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I read the following news article online today: "An ugly legal battle between one of world's most popular artists and a group of nuns over a real estate turned tragic when one of the..." Why is world not preceded by "the", while it is, in the following saying: "What in the world are you saying?" Can I say, "What in world are you saying?", and "... the world's most popular...?" There are other examples where the article "the" is used in one situation, but not in another. Like,

The earth is but one country and mankind its citizesns.

and

Earth looks incredibly beautiful from space.

What seems to be the rule here?

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You can't really say he is world's greatest chess player. Nor can you say what in world are you talking about. The sentences are just not grammatical. You absolutely must have a definite article placed in front of the word world. That's because it's usually a requirement that you use some sort of article in front of countable nouns in English and if the thing that you're talking about has already been mentioned, or is common knowledge, or is about to be defined, the article to use is the.

However, it's a totally different story when it comes to the way we use the word Earth. You can leave out the the from the Earth (notice that this word usually begins with a capital letter). But in that case, what you're doing is that you're referring to the planet we all live on by its name. All planets in our solar system, as you probably know, have been given names: Mars, Pluto, Venus, Jupiter, Neptune etc. Earth is just one of them. Earth, in this respect, is a unique word as it can be used both with a definite article (the Earth) and without one (Earth).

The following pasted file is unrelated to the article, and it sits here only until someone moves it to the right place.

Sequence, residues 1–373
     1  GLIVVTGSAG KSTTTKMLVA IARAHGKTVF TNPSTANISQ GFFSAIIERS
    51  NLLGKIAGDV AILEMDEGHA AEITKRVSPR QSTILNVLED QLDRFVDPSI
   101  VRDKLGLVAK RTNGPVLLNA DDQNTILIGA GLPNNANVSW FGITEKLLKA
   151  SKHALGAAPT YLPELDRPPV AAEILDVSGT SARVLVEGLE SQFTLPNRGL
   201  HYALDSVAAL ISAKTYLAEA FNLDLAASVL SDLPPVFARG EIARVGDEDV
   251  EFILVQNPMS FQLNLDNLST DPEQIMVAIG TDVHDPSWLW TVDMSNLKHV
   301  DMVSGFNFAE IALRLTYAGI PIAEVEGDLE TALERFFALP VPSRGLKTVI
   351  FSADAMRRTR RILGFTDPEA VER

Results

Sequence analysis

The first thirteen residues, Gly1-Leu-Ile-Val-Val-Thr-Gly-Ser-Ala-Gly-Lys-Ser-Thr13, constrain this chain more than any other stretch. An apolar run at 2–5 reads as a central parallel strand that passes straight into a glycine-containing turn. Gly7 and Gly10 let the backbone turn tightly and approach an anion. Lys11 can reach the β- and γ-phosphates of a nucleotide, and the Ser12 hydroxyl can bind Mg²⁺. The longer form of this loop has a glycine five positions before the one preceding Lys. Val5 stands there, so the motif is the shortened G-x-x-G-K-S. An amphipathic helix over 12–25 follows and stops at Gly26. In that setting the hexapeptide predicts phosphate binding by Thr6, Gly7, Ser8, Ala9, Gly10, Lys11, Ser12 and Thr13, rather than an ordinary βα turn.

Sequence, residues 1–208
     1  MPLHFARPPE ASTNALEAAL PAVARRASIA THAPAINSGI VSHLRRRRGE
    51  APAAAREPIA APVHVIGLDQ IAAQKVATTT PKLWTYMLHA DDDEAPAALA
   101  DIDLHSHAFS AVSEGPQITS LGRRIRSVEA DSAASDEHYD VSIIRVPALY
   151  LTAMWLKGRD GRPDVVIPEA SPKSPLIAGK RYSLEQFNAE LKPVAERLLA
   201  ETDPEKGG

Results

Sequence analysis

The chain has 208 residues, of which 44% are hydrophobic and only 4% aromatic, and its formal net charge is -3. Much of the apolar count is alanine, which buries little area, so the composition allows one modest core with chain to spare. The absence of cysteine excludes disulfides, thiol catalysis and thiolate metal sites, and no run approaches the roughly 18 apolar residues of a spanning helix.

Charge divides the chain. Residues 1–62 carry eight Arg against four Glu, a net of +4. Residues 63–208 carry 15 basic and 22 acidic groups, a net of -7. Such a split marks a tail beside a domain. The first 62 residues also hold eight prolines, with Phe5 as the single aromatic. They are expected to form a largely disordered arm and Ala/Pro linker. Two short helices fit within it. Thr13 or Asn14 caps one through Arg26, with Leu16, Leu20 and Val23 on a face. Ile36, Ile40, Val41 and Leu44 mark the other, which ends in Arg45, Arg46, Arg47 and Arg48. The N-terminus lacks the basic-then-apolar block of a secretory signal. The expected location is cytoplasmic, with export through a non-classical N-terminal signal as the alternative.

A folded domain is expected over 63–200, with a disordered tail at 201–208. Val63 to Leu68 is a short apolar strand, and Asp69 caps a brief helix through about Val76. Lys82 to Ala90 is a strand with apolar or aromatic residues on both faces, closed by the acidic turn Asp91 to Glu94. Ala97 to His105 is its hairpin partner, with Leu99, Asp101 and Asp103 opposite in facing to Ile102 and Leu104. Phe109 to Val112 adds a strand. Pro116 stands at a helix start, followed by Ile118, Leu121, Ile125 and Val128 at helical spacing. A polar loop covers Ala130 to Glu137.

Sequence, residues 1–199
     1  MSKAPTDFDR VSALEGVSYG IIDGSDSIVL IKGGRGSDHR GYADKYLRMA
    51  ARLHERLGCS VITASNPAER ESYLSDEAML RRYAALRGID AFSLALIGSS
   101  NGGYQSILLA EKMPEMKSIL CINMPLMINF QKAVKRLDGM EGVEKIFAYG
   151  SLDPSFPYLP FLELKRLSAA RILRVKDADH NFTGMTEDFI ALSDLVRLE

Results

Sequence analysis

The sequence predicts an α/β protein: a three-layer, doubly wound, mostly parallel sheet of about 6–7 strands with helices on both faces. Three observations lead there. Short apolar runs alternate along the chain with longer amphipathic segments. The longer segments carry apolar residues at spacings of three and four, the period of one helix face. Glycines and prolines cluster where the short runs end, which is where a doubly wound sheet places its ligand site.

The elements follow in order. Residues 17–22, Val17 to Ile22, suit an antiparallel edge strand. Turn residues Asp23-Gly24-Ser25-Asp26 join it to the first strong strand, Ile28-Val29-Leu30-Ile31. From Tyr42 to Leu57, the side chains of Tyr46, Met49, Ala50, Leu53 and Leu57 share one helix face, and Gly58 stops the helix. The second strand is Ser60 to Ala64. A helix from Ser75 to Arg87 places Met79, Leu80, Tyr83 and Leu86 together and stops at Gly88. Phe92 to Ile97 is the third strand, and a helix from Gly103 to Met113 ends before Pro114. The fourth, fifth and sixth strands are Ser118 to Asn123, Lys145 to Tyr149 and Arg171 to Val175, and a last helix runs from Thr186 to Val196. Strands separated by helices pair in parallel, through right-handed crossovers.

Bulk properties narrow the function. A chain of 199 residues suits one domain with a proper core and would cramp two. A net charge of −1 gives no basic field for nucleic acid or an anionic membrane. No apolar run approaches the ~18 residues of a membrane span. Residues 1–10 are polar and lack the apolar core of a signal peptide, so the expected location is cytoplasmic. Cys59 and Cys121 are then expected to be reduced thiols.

As per the article that you've been reading, the fact that there is no definite article in front of the word world is simply a grammatical mistake on the part of the people who wrote it. Simple as that.

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    Pluto isn't a planet. – userr2684291 Mar 11 '18 at 13:12
  • @userr2684291 I'm certainly not an expert in astronomy, but Wikipedia says that it's a dwarf planet. – Michael Rybkin Mar 11 '18 at 13:16
  • "A dwarf planet is a planetary-mass object that is neither a planet nor a natural satellite." – Wikipedia – userr2684291 Mar 11 '18 at 13:38
  • Cookie Monster, if Earth, as you seem to be saying here is a proper noun because there is only one of it, as opposed to world, which are many, and proper nouns are not preceded by the, unless they come with the article, like The white house, then why does Earth even get a the in front of it? You stated Earth is a different story, but why does it not follow the same rule for other planets? We never say the Venus, do we? – Bahram Mar 12 '18 at 5:49
  • @Bahram I don't know the history behind the why, but my guess would be that this is similar to how we say "the sun" and "the moon". There are many suns and many moons. But our sun and our moon are unique to us. Similarly, we say "the earth" because it's not some earth, it's out earth. So, it's THE earth. The only difference is that we don't happen to have names for the sun and the moon as we do for our earth. That's just the way it is, I think. I'd recommend thinking our "earth" as an exception in that it can be referred to both ways with a definite article and without one. – Michael Rybkin Mar 12 '18 at 6:47
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It should be "the world", it's a typo.

For articles (a/an/the) there are some complex rules but the simple version is:

nouns needs articles except pronouns

In your example of "the Earth", the noun here is "planet". Where is planet? It's in parentheses.

the (planet) Earth.

the (planet (whose name is)) Earth.

(the (planet (whose name is))) Earth.

Earth.

I live on Earth.

I live on (the (planet (whose name is))) Earth.

Also, "earth" = "soil" = "dirt"

  • My question here then is why Earth get a the in front of it at all, and not follow the same rule for other planets? We never say the Jupiter, then, whey the Earth? Is it because it's a common noun, since it has other meanings as you mentioned? – Bahram Mar 12 '18 at 5:56

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